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Tat website is golden to have, even better if you have it bookmarked on your mobile phone too. good read while on the bus.

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That's all well and good, but it pre-supposes you intend to cause harm or distress, or use the firearm for threatening someone or to commit a crime. Also, again, it applies purely to firearms. RIF's are not included under the Firearms Acts. The firearms act defines a firearm as "a lethal, barreled weapon". An airsoft gun does not fall into this category as it is not considered to be powerful enough to be lethal.

 

Also, I said POSSESSION is not illegal. This is entirely true. You cannot be prosecuted purely for OWNING or KEEPING a RIF. Even if you have a history of criminality. They would need to prove, beyond reasonable doubt, that you intended to use it to commit a crime, or to threaten, cause harm or distress. Just because you have a criminal record that's not enough reason to believe an offence is likely to take place without other evidence.

 

As for the Anti-Terror legislation, again, they need to have good reason to believe you are intending to use the RIF to commit an offence before arresting.

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Under the firearms act, anything that can be used be it real firearm, or an imitation firearm which is intended to cause fear of violence is under the firearms act, that incluces BBguns. paintball guns, heck even a steal pipe wraped in newspaper if you use it make people belive it is a shotgun.

an example of this fact (that anything deemed a firearm underlaw can be anything, including a childs toy gun.)
R v Poggiani (2002) 2 Cr.App.R.(S) 6
Neighbour fired
a cap gun in the street to scare off children playing near a vehicle.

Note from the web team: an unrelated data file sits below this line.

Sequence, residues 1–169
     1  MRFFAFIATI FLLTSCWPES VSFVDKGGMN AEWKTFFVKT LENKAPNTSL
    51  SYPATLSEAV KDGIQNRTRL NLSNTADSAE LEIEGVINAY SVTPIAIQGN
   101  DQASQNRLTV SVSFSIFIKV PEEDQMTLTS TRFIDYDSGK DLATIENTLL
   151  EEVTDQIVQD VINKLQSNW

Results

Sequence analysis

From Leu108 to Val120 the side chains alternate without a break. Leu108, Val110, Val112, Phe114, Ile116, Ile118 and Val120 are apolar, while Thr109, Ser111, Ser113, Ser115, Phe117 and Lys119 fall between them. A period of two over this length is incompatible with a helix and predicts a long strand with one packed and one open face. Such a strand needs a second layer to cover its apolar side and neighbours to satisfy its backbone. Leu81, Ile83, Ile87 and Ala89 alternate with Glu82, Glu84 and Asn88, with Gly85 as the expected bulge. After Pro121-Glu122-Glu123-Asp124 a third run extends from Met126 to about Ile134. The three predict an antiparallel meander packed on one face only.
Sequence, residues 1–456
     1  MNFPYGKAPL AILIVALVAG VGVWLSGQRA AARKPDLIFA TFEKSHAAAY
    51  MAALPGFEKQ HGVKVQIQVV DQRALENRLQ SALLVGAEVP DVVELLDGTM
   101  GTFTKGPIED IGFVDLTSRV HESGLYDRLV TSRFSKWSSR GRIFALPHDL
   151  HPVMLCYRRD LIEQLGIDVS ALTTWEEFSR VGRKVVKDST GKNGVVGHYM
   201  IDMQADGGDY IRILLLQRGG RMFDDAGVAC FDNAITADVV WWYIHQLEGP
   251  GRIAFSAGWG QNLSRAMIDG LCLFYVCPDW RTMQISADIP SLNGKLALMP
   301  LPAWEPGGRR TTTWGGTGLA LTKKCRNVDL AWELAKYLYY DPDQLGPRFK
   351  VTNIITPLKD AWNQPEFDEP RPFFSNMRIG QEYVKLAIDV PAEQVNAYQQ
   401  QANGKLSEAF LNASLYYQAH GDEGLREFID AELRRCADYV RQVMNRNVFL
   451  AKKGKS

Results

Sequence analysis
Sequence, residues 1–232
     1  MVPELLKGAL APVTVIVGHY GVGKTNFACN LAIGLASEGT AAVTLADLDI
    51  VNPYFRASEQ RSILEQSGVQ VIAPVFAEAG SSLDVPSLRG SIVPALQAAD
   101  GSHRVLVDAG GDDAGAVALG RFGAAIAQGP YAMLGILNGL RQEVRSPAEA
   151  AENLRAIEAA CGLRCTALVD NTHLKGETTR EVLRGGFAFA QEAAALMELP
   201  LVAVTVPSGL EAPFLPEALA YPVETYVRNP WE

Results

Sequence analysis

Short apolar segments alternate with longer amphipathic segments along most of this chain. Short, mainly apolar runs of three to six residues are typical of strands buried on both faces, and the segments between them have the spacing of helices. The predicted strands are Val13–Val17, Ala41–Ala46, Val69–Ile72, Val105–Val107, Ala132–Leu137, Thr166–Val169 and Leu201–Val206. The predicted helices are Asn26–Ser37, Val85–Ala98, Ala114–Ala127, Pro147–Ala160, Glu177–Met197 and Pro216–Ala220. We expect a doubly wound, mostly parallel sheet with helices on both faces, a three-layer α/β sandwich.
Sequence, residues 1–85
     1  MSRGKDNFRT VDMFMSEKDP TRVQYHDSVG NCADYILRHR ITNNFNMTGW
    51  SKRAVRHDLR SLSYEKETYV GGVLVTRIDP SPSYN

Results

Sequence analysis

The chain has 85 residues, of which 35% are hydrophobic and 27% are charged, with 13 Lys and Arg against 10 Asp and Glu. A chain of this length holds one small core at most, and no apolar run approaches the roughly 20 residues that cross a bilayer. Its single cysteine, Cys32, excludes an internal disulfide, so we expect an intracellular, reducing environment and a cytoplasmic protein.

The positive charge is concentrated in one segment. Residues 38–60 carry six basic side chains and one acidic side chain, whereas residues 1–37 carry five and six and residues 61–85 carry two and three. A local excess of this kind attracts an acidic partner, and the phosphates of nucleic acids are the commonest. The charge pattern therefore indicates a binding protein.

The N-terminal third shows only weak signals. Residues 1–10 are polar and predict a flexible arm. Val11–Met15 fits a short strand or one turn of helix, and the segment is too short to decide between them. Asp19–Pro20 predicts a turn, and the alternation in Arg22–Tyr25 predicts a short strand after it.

Father of a chikld scared by this later produced a toy gun and held it
to the 6 year old dson of the neighbour and said "bang your dead". 6
months imprisonment

 

You also have the following which can be factored in when owning an airsoft rifle if you are an Ex-con which can lead to being detained.

 

Aggravating and Mitigating Factors


-but on the terms of possession.

What was the defendant's record? The seriousness of any firearms offence
was inevitably increased if the offender had an established record of
committing firearms offences or crimes of violence.

As I mentioned initially though, as a violation of parole, if caught after being sent down for excessive violence (murder, armed robery) if you are caught with an IF (Airsoft included) That is seen as a breach of your probation which can result in being sent back to jail.

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Yes DA, using anything to threaten someone is going to have you prosecuted for threatening behaviour, making threats to kill etc. I think you'll find the father was not prosecuted under the Firearms act though.

 

As for parole conditions, again, that is a very different thing.

 

I'm sure we can come up with all sorts of situations where possessing a RIF might be construed as a prosecutable offence. None of them holds any fears for someone who isn't on bail/parole, and has no intention of using the gun in a threatening manner.

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O no indeed, I was merely enforcing the argument of the worst case secerino which one could expect under the "special circumstances"exemption. as you mentioned in yur first case.

"there is no way you can be arrested for possession of an rif"

As I said, It's an example of pretty much the only way you can be arrested for owning an RIF.